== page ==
The Great Muskoka Adventure


After my wife, the teacher, finished school and the Phenom finished Basketball Camp at Humber College, we headed north to the land of the loon. My brother-in-law and sister-in-law had invited us to their cottage for five days of rest and relaxation. Even though it’s a five hour drive to get there, we jumped at the chance to stay in one of the most beautiful parts of Ontario. Their cottage is across the Lake from Port Loring on desolate Highway 522.

I love it there. Getting up at 6am each morning, my usual plan is to grab the canoe and head out on the waters until the rest of the clan crawls out of their slumber sacks. All I hear is the chirping of birds and the gentle lapping of water as the sun rises above the lake – the totally silent moments actually offend my city bred ears. Nature sounds feel that uncomfortable in the beginning.

Nevertheless, as Jimbo has outlined in previous blogs, this would be an appropriate place to add a soundtrack of Neil Young’s, “Helpless!”

“There is a town in North Ontario . . .”

But unfortunately , I mean helpless in a more literal sense than Neil intended. Indeed, my relatives would more likely title my song track, “Hapless!”

You see, my sister-in-law kept chiding me by saying, “Take out the kayak, Jimbo, I think you’ll really like it.”

“Well, maybe?” I’d respond.

After she’d said this for the umpteenth time I decide to take a flyer at kayak navigation. I was a little leery because at 6 am there would be no one to lend me a hand, I’d be on my own and literally “Hapless”.

No matter, that’s why someone invented life-jackets. Right?

Getting aboard was my first objective and, after several tries of trying to mount the beast from the dock, I decided that this “tippy” contraption would have to be entered from water level. I’d step in the knee deep docking area and slither aboard. You see in a kayak you must enter an oval section or cockpit, slip your legs and feet forward and wedge your beer gut somewhere into this nano-space, all the while keeping the craft in stable equilibrium.

I am pleased to report that I did this on the first try. However, forgetting to take the elastic band off the rudder meant I had to dismount and do the dirty deed once more.

Apparently success came in double doses this day, as I once again slid effortlessly into position. However, I did feel a bit uncomfortable seeing as I felt like a square peg in a round hole. No matter, I used the paddle to push off, I flipped the rudder down as the water depth increased and off I went, paddling gently through the pristine water.

The first thing I noticed was that any body movement attempted by me was translated into an equal and opposite movement by the kayak in a rock-and-roll kind of fit of instability. Duly noted, I paddled on with care, with my body as stiff as a bronze statue, save for my arms that were doing he paddling.

My sister-in-law had explained that there were foot pedals I could use to control the rudder. Stretching my legs deeper into the front cavity, I found no such devices. I think I was about ten feet from the dock.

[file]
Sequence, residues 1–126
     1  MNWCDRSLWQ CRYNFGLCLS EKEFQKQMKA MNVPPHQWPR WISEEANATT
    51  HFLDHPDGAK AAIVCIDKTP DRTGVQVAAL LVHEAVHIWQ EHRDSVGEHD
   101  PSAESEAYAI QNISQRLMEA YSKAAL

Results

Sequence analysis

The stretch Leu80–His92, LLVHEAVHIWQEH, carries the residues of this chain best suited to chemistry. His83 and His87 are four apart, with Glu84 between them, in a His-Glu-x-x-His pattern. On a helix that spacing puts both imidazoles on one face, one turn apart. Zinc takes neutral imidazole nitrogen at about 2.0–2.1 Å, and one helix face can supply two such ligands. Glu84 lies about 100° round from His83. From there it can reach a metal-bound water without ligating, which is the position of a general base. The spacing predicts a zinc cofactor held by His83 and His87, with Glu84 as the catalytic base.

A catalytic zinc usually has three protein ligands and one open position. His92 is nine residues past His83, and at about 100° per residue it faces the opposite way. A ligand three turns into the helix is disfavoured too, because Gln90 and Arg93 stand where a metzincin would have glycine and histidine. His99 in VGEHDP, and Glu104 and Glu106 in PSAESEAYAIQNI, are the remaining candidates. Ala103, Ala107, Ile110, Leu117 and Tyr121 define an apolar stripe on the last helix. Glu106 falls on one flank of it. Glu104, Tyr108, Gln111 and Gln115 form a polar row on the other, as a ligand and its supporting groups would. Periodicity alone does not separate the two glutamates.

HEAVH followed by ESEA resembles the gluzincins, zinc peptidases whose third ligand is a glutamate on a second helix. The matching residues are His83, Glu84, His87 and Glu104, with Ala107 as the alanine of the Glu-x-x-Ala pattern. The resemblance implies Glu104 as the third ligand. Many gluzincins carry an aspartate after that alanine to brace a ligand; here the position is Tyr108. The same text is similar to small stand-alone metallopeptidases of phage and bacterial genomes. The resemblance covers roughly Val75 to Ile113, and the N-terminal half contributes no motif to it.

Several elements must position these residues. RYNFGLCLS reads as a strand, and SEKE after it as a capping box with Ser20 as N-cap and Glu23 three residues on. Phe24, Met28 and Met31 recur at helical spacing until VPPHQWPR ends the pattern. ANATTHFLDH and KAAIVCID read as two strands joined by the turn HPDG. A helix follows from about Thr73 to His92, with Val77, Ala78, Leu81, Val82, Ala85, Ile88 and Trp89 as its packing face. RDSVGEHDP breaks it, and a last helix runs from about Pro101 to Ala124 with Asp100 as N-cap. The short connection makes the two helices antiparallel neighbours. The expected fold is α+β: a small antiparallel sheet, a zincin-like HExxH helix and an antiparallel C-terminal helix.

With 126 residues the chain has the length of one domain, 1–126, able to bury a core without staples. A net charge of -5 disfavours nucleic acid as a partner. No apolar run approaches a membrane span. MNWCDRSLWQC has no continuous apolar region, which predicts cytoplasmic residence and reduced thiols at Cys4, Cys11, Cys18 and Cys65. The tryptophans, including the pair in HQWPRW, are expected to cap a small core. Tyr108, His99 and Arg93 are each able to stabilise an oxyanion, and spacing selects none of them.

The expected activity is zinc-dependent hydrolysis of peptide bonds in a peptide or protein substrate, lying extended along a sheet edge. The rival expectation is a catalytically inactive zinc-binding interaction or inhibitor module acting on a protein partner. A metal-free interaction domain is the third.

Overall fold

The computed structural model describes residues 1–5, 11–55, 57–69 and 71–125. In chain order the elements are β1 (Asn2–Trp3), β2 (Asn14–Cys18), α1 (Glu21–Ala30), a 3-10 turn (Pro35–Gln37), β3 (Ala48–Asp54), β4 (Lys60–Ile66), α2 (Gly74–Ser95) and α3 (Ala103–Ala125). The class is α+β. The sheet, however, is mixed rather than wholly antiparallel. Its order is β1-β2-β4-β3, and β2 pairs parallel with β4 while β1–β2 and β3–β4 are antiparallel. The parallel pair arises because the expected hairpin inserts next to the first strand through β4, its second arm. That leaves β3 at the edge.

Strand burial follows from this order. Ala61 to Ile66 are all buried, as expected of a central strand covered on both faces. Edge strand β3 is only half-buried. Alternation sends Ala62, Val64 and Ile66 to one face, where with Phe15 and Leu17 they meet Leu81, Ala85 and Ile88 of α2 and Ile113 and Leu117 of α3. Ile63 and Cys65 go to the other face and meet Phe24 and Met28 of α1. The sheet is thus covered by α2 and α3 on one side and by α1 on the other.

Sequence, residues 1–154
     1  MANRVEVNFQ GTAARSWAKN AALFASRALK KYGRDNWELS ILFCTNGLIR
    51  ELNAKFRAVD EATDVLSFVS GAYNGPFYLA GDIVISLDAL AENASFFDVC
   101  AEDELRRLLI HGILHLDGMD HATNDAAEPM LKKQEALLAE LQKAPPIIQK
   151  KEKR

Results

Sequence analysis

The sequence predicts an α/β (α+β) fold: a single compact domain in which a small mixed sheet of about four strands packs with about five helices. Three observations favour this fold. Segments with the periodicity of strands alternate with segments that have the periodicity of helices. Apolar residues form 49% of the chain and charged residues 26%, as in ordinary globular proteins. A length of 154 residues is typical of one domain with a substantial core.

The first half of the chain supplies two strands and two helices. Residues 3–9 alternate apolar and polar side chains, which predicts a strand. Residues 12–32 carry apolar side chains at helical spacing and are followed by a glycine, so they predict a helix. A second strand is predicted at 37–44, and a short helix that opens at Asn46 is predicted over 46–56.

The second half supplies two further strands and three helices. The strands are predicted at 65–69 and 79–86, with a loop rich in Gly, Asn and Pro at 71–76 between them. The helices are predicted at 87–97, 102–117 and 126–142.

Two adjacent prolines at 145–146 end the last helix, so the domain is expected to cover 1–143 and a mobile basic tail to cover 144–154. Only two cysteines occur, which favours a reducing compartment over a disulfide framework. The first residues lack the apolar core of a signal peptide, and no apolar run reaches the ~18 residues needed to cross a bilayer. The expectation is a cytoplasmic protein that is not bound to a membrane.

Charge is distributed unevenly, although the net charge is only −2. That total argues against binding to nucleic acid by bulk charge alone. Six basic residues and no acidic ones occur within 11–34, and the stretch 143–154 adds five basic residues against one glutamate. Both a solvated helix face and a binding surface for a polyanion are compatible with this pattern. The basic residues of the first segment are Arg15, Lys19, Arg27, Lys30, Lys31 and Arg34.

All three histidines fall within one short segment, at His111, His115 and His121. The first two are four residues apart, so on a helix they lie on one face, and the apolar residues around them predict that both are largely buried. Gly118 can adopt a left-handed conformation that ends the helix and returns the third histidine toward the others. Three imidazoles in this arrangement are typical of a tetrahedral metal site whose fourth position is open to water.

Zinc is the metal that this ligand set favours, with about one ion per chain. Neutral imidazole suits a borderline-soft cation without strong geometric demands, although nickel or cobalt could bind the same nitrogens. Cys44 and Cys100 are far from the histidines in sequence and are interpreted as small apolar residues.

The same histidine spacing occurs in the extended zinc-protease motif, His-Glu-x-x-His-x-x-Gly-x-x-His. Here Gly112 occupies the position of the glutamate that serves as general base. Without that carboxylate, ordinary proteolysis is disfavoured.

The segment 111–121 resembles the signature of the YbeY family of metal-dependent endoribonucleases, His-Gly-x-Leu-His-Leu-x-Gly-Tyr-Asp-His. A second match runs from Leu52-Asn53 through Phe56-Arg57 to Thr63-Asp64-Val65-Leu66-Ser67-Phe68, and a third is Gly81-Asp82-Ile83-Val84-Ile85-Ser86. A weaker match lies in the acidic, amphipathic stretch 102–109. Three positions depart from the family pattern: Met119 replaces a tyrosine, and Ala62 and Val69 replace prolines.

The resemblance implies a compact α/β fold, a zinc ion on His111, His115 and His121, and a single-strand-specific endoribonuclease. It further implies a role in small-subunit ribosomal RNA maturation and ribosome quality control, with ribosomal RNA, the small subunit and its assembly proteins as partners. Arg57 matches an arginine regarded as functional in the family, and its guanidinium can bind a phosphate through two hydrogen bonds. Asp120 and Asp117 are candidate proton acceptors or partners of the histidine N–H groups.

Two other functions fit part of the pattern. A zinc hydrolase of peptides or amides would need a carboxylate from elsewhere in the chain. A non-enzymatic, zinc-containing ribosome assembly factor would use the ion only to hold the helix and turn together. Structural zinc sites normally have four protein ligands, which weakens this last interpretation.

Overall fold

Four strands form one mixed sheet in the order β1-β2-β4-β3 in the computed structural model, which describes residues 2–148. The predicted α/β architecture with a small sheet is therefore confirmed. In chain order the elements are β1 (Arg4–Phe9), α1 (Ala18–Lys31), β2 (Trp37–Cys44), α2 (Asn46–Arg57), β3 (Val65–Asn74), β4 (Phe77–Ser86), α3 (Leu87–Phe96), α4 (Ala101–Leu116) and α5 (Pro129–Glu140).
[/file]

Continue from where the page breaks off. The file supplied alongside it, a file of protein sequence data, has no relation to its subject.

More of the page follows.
Maybe the those foot pedals are further back from my feet, I thought? I remembered my shorter-than-me niece using the craft most recently. So, being the adventurous mariner that I am, I started to pull my feet back, and feeling as I went, hoped to find those damn peddles.

“Ah, there they are,” I moaned, as my feet caught and locked onto the apparatus. I felt as if my knees were at my chin and my ass was touching my heels. This would not work, my friends.

I felt I had to dislodge my feet and get a more comfortable perch; otherwise my depressed diaphragm was going to put me into hyperventilation. I felt as if I’d become a human’ wedgie, stuck fast in the ass crack of a kayak. My breaths were short and choppy pants.

“Release your feet,” I kept thinking, which was far easier said than done. How would Houdini accomplish this task, I wondered?

As I struggled, I completely forgot what I had learned earlier – to each muscular exertion there would be an equal and opposite swing and sway effect on the craft’s stability. Just as I released one of my feet, I felt the entire kayak’s superstructure dip to my right and with a tremendous splash my melon head hit the water.

KER-SPLASH!

This of course was followed by another 180 pounds of hapless’ adventurer, who slithered out of the cockpit as if the craft was expunging an unwanted toxic suppository.

Gone was my hat. Gone were my prescription sun glasses.

But, I laughed and chortled as my feet touched the bottom in the waist deep water. I was a mere hop, skip and a jump from the dock. I’d travelled about twenty-five feet, I’d say. I’m sure I looked like a drowned rat as I emerged from the icy water. Fortunately, there were no witnesses to this happenstance, save for a few fishes and loon.

Later, my brother-in-law said he heard coughing, which in turn broke his slumber at the moment of my capsizing. He also said you could adjust the seat-back so that your feet fit into the pedals more easily.

Hmmmmmmm!

My sister-in-law felt bad about my misadventure and she and my nephew spend many dives looking for my lost paraphernalia.  I am indebted to here for eventually pulling my Margaretville Jimmy Buffet hat from the drink. That would have been a big loss for me. Thank you, Leslie.

As for the glasses, I’m sure one of my little nieces will land them as a special catch as they fish from the dock this summer. They’ll know exactly what they’ve found because everyone in the family now has heard the tale of how Grumpy tipped they kayak a mere twenty-five feet from the dock.

And by the way, they all asked me the same question. “How do you tip a kayak?”

I find it best to respond in song with, “I am, hapless, hapless, hapless, hapless!”

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